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Math Help - Determine an equation for the plane W that contains the line L1 and is perpendicular

  1. #1
    Junior Member bijosn's Avatar
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    Determine an equation for the plane W that contains the line L1 and is perpendicular

    pls help, I can't figure out what to do, I have looked at 2 LA books and neither mention how to work this out. Any help?
    ------------------------------------------------------
    Suppose L1 is the line in R^3 that passes through the points (2, 0, −1) and (3, 1, 1) , and L2 is the line in R^3 defined
    by
    (x, y, z) = (2, 1, 2) + t (1, 0, 1) , t ∈ R.
    Suppose V is the plane in R^3 defined by
    −x − y − 2z = 2


    A) Determine an equation for the plane W that contains the line L1 and is perpendicular to the plane V?

    B) Does the line L2 intersect the plane V? If so, give the point(s) of intersection. If not, give a reason why not?
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  2. #2
    A Plied Mathematician
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    What ideas have you had so far?
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  3. #3
    Junior Member bijosn's Avatar
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    getting the normal to the plane and substitute on of the points of the line into the equation of the plane?
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  4. #4
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    I'm not surprised that you couldn't find this in Linear Algebra books- it is not a Linear Algebra problem. It is a "Calculus III" problem.

    You should know that if two planes are perpendicular, then their normal vectors are perependicular. You should also know that if a line lies in a plane, the its "direction vector" is perpendicular to the normal vector to the plane.

    So you are given a line and a plane and so can find the direction vector to the line and the normal vector to the plane. The normal vector to the plane you want must be perpendicular to both- use the cross product to find that normal vector.

    Once you have the normal vector to the plane, you only need one point in the plane to write its equation. Take any point on the given line.
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  5. #5
    Junior Member bijosn's Avatar
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    Quote Originally Posted by HallsofIvy View Post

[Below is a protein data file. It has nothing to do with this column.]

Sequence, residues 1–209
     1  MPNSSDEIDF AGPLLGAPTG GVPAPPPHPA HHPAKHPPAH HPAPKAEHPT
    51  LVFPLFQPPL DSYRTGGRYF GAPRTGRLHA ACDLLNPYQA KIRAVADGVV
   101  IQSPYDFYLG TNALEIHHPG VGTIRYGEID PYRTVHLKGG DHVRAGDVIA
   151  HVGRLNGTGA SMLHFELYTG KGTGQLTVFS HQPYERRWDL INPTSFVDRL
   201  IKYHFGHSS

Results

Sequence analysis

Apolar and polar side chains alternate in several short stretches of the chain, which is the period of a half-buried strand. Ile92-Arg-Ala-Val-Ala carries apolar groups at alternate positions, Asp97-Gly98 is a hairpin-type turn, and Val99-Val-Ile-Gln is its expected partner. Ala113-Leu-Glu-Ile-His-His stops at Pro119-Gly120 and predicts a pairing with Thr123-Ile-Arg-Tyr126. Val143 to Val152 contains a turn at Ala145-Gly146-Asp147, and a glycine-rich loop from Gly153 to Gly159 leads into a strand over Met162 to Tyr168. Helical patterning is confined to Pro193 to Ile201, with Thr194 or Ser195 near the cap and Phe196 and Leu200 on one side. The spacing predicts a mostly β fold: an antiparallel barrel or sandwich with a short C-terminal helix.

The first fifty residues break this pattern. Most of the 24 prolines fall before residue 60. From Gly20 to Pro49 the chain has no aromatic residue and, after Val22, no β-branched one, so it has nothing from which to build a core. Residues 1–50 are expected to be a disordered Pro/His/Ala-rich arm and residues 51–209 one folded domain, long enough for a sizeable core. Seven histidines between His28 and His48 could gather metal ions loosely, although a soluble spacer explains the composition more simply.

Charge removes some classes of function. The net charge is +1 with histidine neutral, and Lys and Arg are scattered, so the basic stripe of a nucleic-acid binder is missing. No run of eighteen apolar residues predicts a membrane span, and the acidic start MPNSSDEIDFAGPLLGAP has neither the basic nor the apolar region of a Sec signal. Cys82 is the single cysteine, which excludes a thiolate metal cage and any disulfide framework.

I'm not surprised that you couldn't find this in Linear Algebra books- it is not a Linear Algebra problem. It is a "Calculus III" problem.

    You should know that if two planes are perpendicular, then their normal vectors are perependicular. You should also know that if a line lies in a plane, the its "direction vector" is perpendicular to the normal vector to the plane.

    So you are given a line and a plane and so can find the direction vector to the line and the normal vector to the plane. The normal vector to the plane you want must be perpendicular to both- use the cross product to find that normal vector.

    Once you have the normal vector to the plane, you only need one point in the plane to write its equation. Take any point on the given line.
    thanks, I have a vague idea of what you are saying. I know how to find the cross product of 2 vectors but how do I find the normal\cross product of the plane and the line L1?

    so once I have the normal vector (A,B,C), I substitute the values A,B,C into the corresponding equation of the plane Ax + By + Cz + d = 0 and substitute one of the points of L1 ?
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  6. #6
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    Quote Originally Posted by bijosn View Post
    thanks, I have a vague idea of what you are saying. I know how to find the cross product of 2 vectors but how do I find the normal\cross product of the plane and the line L1?
    You don't. I did not say anything about finding the "cross product of the plane and the line". You don't find the cross product of geometric objects, you find the cross product of vectors. I said "find the cross product of the directional vector of the line and the normal vector of the plane.

    so once I have the normal vector (A,B,C), I substitute the values A,B,C into the corresponding equation of the plane Ax + By + Cz + d = 0 and substitute one of the points of L1 ?
    Yes.
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